Boulder Lawyer For White Collar Crimes Defense

Decades Of Experience In Colorado State And Federal Courts

The term "white collar" typically refers to an economic crime, as opposed to violent crimes that generally involve the use of force and various other offenses. Attorney Mark Langston has the specialized ability and experience to handle complex state and federal cases involving allegations of unlawful acts such as:

  • Accounting fraud, bank fraud, health care fraud, mail fraud, wire fraud or securities fraud
  • Embezzlement and other forms of theft from an employer, government agency or other party
  • Identity theft and other computer crimes
  • Conspiracy, money laundering and various COCCA/RICO crimes
  • Unlawful drug manufacturing and distribution

Fraud Offenses

In Colorado, fraud crimes are defined as those involving: (1) forgery and related offenses; (2) fraud in obtaining property or services; (3) fraudulent business practices; (4) bribery; (5) Uniform Commercial Code (UCC) offenses; (6) credit and debit card offenses and (7) equity skimming.

Fraud and other white collar criminal cases often involve complicated restitution issues. Some also create complex tax issues and asset forfeiture proceedings. The penalties that may be imposed are often directly related to the amount of money involved, the number of fraudulent transactions, and the amount of planning and preparation that went into the scheme. Mark Langston has more than two decades of experience representing clients accused of various types of fraud offenses.

Identity Theft And Other Financial Computer Crimes

A computer crime is committed when someone accesses a computer, network or system without authorization; causes damage, interruption or impairment of function; or accesses a computer, network or system to commit fraud or theft. The classification or seriousness of the offense is primarily determined by the value of the loss, damage, services or cost of repairs.

A person commits identity theft when he or she: (1) knowingly uses someone else's personal identifying information, financial identifying information, or financial device without permission or authority in order to obtain cash, credit, property, services, or any other thing of value; (2) possesses this type of information or device with the intent to use it or aid or permit someone else to use it to obtain cash, credit, property, services, or any other thing of value; (3) falsely makes, completes, alters, transfers, passes, or delivers a written instrument or financial device containing any personal or financial identifying information of another with the intent to defraud; (4) knowingly possesses the personal or financial identifying information of another without permission or without lawful authority in order to apply for or complete an application for a financial device or other extension of credit; or (5) possesses this information with the intent to obtain a government-issued document.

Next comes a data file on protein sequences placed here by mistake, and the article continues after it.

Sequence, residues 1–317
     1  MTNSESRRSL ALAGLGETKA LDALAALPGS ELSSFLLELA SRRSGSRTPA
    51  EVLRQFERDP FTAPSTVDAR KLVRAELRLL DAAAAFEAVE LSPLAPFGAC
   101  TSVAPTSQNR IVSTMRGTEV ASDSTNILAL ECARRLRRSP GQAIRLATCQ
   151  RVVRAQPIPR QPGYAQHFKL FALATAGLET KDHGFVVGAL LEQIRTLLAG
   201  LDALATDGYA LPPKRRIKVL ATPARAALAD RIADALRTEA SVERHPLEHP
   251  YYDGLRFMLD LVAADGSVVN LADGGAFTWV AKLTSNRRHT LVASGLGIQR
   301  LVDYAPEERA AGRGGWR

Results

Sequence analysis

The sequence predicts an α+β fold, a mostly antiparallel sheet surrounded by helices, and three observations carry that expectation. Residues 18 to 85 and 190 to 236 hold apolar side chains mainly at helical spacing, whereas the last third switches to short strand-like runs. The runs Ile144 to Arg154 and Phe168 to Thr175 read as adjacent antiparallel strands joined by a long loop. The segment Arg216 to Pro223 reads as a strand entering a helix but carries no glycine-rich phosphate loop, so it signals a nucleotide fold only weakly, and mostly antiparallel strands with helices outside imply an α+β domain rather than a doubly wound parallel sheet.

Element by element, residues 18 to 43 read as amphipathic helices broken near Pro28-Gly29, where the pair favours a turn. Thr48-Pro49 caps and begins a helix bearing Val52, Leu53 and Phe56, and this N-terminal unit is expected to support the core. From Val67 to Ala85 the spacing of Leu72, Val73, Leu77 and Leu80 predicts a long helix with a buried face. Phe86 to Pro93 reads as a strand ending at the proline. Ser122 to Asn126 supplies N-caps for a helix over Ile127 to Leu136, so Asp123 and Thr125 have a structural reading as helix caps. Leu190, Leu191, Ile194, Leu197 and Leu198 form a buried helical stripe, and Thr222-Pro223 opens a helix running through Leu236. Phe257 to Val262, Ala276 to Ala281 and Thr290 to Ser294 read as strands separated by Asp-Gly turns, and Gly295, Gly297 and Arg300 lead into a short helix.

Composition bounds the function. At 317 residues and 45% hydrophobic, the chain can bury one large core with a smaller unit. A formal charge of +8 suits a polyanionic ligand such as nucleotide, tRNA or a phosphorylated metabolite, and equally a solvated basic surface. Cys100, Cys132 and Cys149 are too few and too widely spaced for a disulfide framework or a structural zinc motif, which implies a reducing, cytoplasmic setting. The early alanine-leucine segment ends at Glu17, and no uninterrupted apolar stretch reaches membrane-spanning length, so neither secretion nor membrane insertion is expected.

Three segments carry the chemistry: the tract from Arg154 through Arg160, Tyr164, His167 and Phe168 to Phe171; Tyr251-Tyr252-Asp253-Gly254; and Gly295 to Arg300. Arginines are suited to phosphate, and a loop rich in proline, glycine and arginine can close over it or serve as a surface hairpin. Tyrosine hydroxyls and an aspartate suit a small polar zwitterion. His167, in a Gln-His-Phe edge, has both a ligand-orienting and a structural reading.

Gaming Offenses

Small-stakes gambling is legal in a small number of Colorado towns. However, gaming activities are tightly controlled and monitored by the state, and there is a complex set of rules governing the conduct of both patrons and business establishments. Boulder attorney Mark Langston is one of a very small number of lawyers in Colorado with experience in this highly specialized field. He successfully defended the first criminal prosecution of a corporation charged with a violation of Colorado's gaming laws.

Call 303-440-9684 To Reach A Respected, Resourceful Defense Lawyer

If you or someone you care about has been arrested for any type of business-related theft or scam, computer crime or other financial offense, you need counsel from a lawyer with extensive experience defending against these allegations. If you are the target of an investigation, do not wait for your arrest. Contact experienced Boulder white collar defense attorney Mark Langston as soon as you possibly can for a consultation.